Gold hits record highs as rate cut bets burnish appeal

by Jonathan Adams

Spot gold was up 0.4% at $2,156.93 an ounce, hitting a record high of $2,164.09 and US gold futures rose 0.2% to end at $2,165.2

Gold prices rose to an all-time high on Thursday and continued to extend their record this week, as expectations for U.S. monetary easing rose and bullion continued to be supported by central bank buying and safe-haven demand.

As of 1900 GMT, spot gold was up 0.4% at $2,156.93 an ounce, hitting a record high of $2,164.09 during Asian trading hours. US gold futures rose 0.2% to end at $2,165.2.

Powell said the Fed is “not far” from getting enough confidence that inflation is heading to the Fed’s 2% goal to be able to start interest-rate cuts.

Traders are now pricing in a 74% chance of a June rate cut, up from about 63% on February 29, according to CME’s FedWatch tool.

A low interest rate environment lowers the opportunity cost of holding non-yielding gold and weighs, making bullion cheaper for foreign buyers.

Rate cut bets are driving gold prices and everyone is expecting they will come, said World Gold Council market strategist Joseph Cavatoni.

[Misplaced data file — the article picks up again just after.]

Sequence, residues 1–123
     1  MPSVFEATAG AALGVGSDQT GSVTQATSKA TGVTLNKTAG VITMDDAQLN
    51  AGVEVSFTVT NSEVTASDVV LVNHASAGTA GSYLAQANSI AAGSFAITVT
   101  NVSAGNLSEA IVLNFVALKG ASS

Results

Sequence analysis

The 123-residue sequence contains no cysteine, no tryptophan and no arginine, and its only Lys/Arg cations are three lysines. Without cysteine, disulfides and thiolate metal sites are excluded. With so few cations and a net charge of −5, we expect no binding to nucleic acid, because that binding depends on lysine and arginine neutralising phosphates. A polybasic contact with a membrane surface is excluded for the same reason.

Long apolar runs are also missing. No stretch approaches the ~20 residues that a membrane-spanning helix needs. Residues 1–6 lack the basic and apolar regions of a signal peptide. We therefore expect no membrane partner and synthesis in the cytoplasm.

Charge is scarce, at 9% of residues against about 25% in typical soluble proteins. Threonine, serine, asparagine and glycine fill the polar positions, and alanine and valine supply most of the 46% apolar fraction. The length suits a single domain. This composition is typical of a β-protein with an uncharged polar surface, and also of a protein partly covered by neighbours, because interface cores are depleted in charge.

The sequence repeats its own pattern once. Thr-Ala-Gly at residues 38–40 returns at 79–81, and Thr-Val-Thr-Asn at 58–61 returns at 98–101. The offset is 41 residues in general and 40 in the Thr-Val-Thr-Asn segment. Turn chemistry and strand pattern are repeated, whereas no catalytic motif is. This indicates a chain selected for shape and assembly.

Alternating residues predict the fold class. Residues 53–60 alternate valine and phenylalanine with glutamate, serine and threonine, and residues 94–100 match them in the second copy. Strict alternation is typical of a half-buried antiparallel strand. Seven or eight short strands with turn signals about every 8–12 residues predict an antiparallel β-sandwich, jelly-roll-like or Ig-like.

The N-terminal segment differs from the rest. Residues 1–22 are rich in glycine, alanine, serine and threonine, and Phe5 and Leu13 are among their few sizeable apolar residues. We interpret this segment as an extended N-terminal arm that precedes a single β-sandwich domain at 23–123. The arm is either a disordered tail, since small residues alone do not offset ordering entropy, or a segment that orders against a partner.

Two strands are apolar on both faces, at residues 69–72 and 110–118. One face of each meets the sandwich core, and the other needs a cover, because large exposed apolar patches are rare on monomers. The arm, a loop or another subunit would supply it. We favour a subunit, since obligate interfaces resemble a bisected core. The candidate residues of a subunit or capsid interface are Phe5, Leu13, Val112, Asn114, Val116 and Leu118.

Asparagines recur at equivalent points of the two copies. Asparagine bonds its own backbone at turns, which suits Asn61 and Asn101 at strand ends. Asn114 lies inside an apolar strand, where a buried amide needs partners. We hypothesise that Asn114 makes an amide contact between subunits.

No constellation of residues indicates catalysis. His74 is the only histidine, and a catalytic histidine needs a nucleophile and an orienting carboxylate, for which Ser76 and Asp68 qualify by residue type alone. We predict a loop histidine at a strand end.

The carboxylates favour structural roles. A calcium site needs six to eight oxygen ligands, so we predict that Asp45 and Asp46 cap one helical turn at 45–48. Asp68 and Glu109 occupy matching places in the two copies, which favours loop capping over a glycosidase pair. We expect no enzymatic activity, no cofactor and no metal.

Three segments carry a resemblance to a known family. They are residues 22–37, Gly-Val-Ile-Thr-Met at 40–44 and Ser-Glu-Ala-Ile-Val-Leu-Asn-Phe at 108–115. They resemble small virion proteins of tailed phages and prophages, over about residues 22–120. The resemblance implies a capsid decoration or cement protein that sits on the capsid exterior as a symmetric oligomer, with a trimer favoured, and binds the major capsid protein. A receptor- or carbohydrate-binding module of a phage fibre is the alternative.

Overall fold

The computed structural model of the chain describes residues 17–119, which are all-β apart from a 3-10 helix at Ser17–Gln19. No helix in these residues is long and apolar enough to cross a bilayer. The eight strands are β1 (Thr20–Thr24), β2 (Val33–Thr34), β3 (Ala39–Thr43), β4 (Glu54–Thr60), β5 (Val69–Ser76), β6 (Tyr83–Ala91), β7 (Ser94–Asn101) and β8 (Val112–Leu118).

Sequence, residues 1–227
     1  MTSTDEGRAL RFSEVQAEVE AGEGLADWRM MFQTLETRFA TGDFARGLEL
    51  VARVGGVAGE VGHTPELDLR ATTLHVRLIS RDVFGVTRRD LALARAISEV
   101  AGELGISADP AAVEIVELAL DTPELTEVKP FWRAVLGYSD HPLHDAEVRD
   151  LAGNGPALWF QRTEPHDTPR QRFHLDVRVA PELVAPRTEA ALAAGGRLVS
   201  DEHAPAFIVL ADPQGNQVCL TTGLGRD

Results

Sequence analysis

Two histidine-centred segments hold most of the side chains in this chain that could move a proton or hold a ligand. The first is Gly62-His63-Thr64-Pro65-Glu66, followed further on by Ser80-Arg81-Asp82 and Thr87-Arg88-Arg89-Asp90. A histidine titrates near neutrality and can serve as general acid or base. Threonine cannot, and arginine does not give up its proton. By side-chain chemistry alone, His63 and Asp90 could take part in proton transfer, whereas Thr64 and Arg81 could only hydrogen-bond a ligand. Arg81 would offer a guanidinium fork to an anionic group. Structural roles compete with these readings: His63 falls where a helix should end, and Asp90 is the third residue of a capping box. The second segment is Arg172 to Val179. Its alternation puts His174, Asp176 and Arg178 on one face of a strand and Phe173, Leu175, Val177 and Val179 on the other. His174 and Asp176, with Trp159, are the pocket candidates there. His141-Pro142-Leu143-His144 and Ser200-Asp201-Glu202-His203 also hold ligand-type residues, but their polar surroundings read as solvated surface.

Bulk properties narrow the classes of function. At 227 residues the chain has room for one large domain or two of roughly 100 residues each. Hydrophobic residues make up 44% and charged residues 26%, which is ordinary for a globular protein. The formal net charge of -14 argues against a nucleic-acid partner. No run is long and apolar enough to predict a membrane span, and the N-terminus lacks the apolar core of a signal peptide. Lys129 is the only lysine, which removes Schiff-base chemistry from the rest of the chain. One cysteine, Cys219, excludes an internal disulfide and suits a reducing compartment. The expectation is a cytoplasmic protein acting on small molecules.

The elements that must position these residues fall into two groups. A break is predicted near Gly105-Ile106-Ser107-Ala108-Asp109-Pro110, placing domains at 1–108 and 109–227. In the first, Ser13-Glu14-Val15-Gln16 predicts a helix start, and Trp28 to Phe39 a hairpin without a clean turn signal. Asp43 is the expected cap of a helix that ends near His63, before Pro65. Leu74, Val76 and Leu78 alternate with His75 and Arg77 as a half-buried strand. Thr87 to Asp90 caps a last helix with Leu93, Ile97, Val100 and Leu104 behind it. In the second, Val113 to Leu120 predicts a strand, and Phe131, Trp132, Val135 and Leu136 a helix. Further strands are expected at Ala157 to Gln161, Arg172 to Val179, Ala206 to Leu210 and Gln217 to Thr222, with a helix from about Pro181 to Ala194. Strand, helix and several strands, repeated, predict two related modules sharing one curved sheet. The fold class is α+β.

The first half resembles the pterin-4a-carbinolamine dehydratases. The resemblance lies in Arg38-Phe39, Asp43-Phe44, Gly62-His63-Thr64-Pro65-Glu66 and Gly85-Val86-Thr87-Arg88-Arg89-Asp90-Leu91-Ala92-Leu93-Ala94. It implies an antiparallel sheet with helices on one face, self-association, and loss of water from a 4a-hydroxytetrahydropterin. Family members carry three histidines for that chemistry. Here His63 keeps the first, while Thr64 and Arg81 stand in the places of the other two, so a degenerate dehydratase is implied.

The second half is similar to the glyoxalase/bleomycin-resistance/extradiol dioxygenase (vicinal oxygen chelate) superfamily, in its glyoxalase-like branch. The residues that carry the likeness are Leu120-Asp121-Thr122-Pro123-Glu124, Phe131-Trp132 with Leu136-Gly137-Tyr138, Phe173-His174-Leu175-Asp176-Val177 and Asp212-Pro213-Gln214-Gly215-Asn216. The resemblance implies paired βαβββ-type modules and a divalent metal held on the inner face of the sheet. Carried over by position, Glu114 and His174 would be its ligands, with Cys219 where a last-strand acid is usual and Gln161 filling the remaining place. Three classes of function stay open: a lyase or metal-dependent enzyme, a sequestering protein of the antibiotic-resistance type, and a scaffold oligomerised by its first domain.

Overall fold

Central banks’ gold purchases also continue to be very strong, Cavatoni added.

Friday’s U.S. nonfarm payrolls report could provide further market direction.

In the spot market, consumption was expected to slow during India’s wedding season due to price increases, but China, a major buyer, could see solid safe-haven demand.

Geopolitical risks are also the major driver for bullion, said James Steel, precious metals analyst at HSBC.

We only have a narrow group of assets that investors can really call safe haven, and gold is number one amongst them, he said.

Since the start of the Gulf conflict, gold bars have risen to more than $300.

However, gold’s recent rise has been accompanied by a rise in riskier assets.

Disclaimer: The opinions expressed by our writers are their own and do not represent the views of Trading and Investment News. The information provided on Trading and Investment News is intended for informational purposes only. Trading and Investment News is not liable for any financial losses incurred. Conduct your own research by contacting financial experts before making any investment decisions.

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